Still, we feel like this will be a hard pill to swallow for anyone that wants that beautiful Mercury White color option, but also wants powerful graphics. We're just speaking for ourselves here, but we'd like to be able to carry around a gaming laptop that looks as sleek as that Mercury White model.
Regardless of the color option you go for, the Razer Blade Stealth is as attractive as ever, with one of the best keyboards on an Ultrabook we've ever used. Then, there's that trackpad – short of going for a MacBook, you won't find a better trackpad on another laptop.
In the past, if you wanted to get some gaming done on the Razer Blade Stealth, you would have needed to opt for an external graphics solution, via Thunderbolt 3. Even with the Nvidia MX150 graphics in the most recent model, most AAA games are nigh-unplayable, even at 1080p.
However, with the inclusion of the GTX 1650 that should change dramatically. We got a chance to run Wolfenstein: Youngblood on the Razer Blade Stealth, and it was actually a smooth experience. Now, we had to keep the visual settings turned down to medium, but we were still getting a smooth 1080p, 60 fps experience – in a 13-inch laptop. At this size, it's incredibly difficult to fit in powerful graphics without starting a fire, so we appreciate anything we can get.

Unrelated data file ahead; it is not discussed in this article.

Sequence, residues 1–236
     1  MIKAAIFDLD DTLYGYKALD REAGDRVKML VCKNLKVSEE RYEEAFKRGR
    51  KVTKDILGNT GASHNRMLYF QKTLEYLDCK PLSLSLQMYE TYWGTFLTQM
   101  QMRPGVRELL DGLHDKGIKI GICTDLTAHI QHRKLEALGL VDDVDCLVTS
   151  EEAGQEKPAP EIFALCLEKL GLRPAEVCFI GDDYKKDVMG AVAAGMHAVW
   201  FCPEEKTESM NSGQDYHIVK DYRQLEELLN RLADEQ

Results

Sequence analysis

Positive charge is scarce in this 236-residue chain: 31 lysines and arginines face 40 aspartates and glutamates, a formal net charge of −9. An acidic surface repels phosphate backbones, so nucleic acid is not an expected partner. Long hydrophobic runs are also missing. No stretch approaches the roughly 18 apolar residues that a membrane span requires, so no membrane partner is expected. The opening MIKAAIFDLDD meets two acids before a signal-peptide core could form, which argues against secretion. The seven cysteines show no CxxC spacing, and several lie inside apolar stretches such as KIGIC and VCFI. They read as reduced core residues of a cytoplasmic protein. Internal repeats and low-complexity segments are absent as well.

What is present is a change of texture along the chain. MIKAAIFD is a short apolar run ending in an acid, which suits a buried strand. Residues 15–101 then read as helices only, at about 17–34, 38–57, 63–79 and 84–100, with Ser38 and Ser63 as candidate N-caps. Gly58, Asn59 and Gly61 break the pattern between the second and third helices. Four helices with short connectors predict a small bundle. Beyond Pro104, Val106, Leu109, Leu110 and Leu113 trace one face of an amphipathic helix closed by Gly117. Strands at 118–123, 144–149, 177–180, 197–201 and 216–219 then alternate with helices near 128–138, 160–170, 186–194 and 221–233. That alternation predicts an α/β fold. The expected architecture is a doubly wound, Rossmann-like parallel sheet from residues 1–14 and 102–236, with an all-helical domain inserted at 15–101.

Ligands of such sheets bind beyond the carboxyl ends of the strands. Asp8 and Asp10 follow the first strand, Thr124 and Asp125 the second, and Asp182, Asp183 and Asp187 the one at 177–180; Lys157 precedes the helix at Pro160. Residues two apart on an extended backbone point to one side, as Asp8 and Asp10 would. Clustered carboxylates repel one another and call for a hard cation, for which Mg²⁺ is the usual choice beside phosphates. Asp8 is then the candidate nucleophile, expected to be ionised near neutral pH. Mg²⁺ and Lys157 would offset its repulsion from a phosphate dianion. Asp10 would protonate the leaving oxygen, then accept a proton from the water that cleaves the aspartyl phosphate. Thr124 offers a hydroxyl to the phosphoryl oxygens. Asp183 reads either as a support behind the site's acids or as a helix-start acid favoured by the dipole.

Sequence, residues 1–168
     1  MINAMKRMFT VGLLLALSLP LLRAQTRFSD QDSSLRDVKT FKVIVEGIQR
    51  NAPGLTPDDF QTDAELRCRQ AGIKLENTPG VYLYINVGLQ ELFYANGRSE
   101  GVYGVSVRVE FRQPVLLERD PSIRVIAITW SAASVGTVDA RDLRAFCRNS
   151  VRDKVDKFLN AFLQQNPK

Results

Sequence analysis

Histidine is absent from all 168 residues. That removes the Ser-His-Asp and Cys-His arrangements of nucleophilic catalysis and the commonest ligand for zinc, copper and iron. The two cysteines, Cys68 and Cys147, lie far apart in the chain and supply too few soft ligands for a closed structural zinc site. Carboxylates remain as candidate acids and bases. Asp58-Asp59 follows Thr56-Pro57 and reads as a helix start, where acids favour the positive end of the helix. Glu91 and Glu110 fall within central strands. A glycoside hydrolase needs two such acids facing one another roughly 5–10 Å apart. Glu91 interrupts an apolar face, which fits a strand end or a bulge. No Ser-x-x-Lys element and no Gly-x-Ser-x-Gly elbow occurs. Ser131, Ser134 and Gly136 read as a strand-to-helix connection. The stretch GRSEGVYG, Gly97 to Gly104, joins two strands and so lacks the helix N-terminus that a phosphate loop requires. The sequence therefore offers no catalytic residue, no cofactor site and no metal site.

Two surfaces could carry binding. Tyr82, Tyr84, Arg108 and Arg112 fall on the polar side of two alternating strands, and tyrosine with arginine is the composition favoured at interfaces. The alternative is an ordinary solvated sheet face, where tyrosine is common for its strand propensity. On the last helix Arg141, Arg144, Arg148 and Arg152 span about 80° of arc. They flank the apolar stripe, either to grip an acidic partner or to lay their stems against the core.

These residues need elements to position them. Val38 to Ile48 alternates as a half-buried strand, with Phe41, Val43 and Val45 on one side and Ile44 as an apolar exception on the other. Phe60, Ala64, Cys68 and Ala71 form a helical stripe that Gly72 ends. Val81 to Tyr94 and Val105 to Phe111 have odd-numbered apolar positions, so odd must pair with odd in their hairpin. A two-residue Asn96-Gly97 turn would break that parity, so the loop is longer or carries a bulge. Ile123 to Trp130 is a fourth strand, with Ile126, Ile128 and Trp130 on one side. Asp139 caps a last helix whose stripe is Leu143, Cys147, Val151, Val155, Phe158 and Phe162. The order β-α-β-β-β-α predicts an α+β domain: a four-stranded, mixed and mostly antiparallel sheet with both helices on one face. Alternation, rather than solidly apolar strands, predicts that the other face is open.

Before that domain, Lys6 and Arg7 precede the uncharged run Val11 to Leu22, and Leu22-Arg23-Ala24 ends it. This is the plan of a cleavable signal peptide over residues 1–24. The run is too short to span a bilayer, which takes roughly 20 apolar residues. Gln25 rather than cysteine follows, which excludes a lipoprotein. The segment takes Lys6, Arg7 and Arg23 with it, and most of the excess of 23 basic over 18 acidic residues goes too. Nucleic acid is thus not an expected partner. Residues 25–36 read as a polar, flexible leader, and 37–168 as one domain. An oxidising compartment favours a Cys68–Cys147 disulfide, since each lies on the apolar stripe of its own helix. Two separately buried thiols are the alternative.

Elsewhere, you'll find an Intel Core i7-1065G7 – at 25W in the Mercury White model and 15W in the Black GTX Model. This disparity in wattage will mean that professionals who need a powerful CPU first, and don't care about graphics as a priority, will want to go with the Mercury White model.
We haven't had a chance to run our full suite of benchmarks, but realistically, either option should be just fine for most users. We do have to admit that we're intrigued by a 25W chip in a 13-inch laptop, and we can't wait to see how thermals play out in our testing.
Rounding everything up with 16GB of RAM and up to a 512GB SSD, the Razer Blade Stealth (Late 2019) should be more than powerful enough for most users. You might even be able to get some video editing done on an ultraportable 13-inch laptop – provided the thermals hold up.
From what we can tell, the new Razer Blade Stealth is closer than ever to living out the device's original promise: an ultra-light and ultra-portable gaming laptop. For the first time, you can get decent performance in modern PC games, without having to rely on costly external graphics solutions.
The real test of this device is going to end up depending on how well the thermals hold up in such a small chassis. If Razer found a way to keep temperatures down, we could end up with one of the best gaming laptops for anyone that needs to game on the go, while traveling light.
IFA 2019 is Europe's biggest tech show, and the TechRadar team is in Berlin to bring you all the breaking news and hands-on first impressions of new TVs, wearables and other devices as they're announced.
Bill Thomas (Twitter) is TechRadar's computing editor. They are fat, queer and extremely online. Computers are the devil, but they just happen to be a satanist. If you need to know anything about computing components, PC gaming or the best laptop on the market, don't be afraid to drop them a line on Twitter or through email.